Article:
Flat Luther – A study in member engagement at Sherwood Park Lutheran

As seasons change, so do church attendance numbers. Over the past calendar year, the Manitoba/Northwestern Ontario Synod’s Sherwood Park Lutheran Church in Winnipeg, Manitoba put together an action plan to maintain member involvement, even when physically away from the church.

Led by Sherwood Park’s Family Ministry Coordinator, Candace Kostna, Flat Luther was born. In an attempt to remain ‘connected’ with other congregation members, a cross-generational activity, ‘The Adventures of Flat Luther’ kicked into high gear over the past summer months, ultimately concluding with a Reformation 500 social on October 14, 2017.

“This past spring, we talked about the challenge for all churches in summertime as attendance numbers go down.” Kostna said. “People are out and about, exploring all of God’s creation, so we wanted to do something that would highlight what the many members of our church are doing, while staying connected in our faith community.”

So how did that idea of remaining connected become ‘The Adventures of Flat Luther’?

“Simple,” said Kostna. “Believe it or not, this is all based off of a chapter book for kids – Flat Stanley. I had heard about something called Flat Jesus before, and that sounded appealing. We started talking about it and thought that we would incorporate Luther into this as we are Lutherans and celebrating Reformation 500 this year.”

Some may wonder what effective purpose a six-inch by three-inch cardboard cut-out would actually serve within the lives of congregation members who spent parts of their summers away from the church, but for Kostna, that thought never even crossed her mind.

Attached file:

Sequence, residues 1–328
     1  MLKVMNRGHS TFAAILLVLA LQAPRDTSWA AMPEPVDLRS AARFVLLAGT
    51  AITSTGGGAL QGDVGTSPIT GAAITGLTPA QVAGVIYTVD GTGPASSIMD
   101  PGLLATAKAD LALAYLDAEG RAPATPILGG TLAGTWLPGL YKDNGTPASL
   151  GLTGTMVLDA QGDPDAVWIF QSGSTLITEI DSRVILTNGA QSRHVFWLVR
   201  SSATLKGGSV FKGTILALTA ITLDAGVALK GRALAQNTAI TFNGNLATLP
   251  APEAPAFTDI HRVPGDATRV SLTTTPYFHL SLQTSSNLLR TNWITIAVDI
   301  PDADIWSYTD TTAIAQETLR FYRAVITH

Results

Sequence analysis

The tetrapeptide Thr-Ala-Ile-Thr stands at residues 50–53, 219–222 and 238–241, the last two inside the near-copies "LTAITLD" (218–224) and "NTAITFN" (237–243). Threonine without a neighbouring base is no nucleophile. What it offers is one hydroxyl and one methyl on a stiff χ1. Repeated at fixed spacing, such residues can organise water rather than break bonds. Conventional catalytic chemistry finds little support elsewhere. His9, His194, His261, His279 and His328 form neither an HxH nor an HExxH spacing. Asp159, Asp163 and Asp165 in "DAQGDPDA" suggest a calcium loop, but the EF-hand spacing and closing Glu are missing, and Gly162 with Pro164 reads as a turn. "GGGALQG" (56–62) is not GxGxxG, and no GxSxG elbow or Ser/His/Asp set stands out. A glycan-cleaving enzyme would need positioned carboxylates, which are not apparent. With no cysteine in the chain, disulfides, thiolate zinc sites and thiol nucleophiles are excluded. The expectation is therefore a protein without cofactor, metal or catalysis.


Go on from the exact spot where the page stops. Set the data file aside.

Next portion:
“The goal was to help us stay connected over the summer months,” she reflected. “First we had to realize that we live out our faith all the time – not just that hour or so we spend in church on Sunday mornings. We wanted to find something fun for younger families to participate in, but something that would also draw full participation of members across the board.”

What started off as a cross generational activity to stay connected morphed into also being a way to commemorate Martin Luther and Reformation 500. For the members of Sherwood Park Lutheran, ‘The Adventures of Flat Luther’ opened up the opportunity for meaningful conversations inside and outside of congregational walls.

“People would take photos of them with Flat Luther and throw a hashtag on it and write a caption for posting on social media,” Kostna said. “That’s just how people stay connected nowadays. We actually started to use Flat Luther’s travels as a part of our Sunday morning announcements. We would show the weekly photos on slides and provide updates on what Flat Luther had been up to each week. It certainly led to many conversations even at coffee hour.”

Although some of the best pictures from ‘The Adventures of Flat Luther’ came from photoshoots in and around the city of Winnipeg, some members of Sherwood Park really embraced the challenge of taking Flat Luther nearly everywhere they went.

“It was incredible some of the places that Flat Luther went,” Kostna said. “Flat Luther had the chance to check out a bit of Norway as one congregation member took him with her when she went overseas to visit her granddaughter. He also went to Aruba and on a cruise. One member took him to New York.”

‘The Adventures of Flat Luther’ began on Mother’s Day 2017 and found itself extended through its original proposed conclusion of Back to Church Sunday, as many of the photos taken were featured in a joint Reformation 500 social hosted by the congregations of Sherwood Park, Abundant Life, Prince of Peace and St. Luke’s Zion.

“Our original plan was to share some of this at our Back to Church Sunday barbeque that we always host,” Kostna said. “But then we thought, “why don’t we tie it into our Reformation Sunday,” because it is Flat Luther after-all! We are definitely still looking for other ways to stay connected throughout the year, but this experiment has been a wonderful opportunity to build relationships throughout the church within all age groups and generations.”